Tonight and tomorrow we pause to remember the unfathomable sacrifice of Jesus on our behalf. We are right to ponder his suffering and desolation, but we must not get stuck there.
Karl Barth warned that we must not fixate on the cross “like the ox which is bound to a stake and, driven by the owner’s whip, has to trot round and round turning the wheel” (CD IV/1, 345). We must not live in Good Friday, but on the other side of Easter morning.
Barth says we must repudiate “all theologies or pieties or exercises or aesthetics which center on the cross—however grimly in earnest they may be…. We must understand clearly what such a going back involves. It involves going back to the night of Golgotha as not yet lit up by the light of Easter Day. It involves going back and into the event of judgment not yet proclaimed and revealed as that of salvation. It involves going back into the sphere where the divine Yes to man which He Himself alone can reveal is still inaccessibly concealed under His No. It involves going back into the death in which all flesh is hopelessly put to death in and with the Son of God…. As though we had to begin again at the place where He made an end for us and of us!” (CD IV/1, 344).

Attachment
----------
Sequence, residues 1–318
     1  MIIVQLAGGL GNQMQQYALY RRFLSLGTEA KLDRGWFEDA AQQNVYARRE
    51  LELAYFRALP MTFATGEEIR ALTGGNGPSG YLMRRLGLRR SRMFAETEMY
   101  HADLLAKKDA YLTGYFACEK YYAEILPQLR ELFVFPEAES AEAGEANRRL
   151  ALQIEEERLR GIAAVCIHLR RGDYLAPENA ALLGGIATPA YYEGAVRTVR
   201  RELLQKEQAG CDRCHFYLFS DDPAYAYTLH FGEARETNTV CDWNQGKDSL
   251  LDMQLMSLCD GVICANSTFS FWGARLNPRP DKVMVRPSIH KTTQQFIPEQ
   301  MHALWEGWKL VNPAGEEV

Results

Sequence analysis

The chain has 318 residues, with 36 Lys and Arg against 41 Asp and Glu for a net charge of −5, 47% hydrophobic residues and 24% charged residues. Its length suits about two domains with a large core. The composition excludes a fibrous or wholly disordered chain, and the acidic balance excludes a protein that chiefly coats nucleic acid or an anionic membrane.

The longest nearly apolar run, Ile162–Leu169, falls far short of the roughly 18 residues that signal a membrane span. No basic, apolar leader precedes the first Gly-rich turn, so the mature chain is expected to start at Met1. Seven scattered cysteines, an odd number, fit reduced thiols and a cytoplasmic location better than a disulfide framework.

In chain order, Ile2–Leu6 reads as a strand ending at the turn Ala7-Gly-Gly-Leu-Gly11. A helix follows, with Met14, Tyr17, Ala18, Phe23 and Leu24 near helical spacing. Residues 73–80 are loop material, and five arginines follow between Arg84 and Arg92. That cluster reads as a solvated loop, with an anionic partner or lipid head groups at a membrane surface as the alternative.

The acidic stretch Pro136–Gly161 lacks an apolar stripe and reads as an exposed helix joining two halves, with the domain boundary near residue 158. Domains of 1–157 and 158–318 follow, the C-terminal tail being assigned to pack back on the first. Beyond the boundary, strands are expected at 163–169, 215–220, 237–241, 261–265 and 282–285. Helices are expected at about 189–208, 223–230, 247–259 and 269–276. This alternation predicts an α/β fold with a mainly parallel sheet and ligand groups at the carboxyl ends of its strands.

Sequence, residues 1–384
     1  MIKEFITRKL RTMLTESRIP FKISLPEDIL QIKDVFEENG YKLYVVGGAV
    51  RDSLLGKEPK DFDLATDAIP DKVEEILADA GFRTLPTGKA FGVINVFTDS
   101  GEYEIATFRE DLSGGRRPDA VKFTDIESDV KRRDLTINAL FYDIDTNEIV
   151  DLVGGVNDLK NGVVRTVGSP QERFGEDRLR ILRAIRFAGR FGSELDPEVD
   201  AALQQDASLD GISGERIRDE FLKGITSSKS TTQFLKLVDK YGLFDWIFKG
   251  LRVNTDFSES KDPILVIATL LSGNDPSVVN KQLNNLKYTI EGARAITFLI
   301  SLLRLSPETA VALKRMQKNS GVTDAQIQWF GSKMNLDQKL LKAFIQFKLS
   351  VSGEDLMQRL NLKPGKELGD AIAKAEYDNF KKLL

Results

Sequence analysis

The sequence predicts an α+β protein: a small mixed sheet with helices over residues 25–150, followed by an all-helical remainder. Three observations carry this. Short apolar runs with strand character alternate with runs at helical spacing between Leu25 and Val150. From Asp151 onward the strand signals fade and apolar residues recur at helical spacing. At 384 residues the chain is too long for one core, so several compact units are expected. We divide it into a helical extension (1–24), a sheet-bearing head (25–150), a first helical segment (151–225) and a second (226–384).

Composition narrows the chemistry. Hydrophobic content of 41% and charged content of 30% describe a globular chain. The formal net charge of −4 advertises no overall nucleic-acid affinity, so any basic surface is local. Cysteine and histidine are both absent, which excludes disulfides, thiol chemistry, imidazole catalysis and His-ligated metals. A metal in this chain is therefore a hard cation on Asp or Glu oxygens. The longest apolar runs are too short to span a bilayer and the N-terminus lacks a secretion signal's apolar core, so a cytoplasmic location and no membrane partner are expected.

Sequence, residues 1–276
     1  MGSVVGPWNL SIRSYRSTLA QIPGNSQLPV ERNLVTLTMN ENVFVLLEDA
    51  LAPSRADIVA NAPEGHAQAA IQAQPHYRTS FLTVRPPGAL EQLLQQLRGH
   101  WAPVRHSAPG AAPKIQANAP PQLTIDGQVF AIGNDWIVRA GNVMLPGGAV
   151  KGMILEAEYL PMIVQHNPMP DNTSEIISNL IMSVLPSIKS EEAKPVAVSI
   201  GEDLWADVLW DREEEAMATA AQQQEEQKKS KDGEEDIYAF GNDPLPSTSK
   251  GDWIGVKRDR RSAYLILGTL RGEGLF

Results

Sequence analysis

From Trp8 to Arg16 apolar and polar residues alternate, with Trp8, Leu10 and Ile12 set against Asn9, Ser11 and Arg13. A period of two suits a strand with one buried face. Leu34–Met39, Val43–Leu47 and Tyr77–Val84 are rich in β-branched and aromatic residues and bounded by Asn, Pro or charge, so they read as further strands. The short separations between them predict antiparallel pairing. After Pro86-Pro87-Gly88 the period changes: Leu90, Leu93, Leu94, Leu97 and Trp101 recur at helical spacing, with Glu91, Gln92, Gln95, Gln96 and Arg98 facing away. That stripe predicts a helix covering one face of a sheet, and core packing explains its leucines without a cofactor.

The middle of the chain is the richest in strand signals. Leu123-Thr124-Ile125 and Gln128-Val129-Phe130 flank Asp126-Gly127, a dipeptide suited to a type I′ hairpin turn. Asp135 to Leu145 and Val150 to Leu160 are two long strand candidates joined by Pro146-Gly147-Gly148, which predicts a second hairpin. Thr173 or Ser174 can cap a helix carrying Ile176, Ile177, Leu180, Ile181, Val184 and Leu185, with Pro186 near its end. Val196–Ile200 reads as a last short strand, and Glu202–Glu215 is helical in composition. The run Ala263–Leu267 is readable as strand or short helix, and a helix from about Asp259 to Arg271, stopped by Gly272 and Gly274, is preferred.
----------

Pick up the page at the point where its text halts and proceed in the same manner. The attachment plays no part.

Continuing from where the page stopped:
We need both the cross and resurrection of Jesus to be saved. But we must never forget their order, and on which side of the sequence we are living. We must not make our home in sorrow, as if the point of being a Christian is to learn how to feel sorry for Jesus. We must die with Christ, but only so we can rise with him. We’re not Good Friday Christians. We belong to Easter.
Photo by Pict-your. Used by permission. Sourced via Flickr.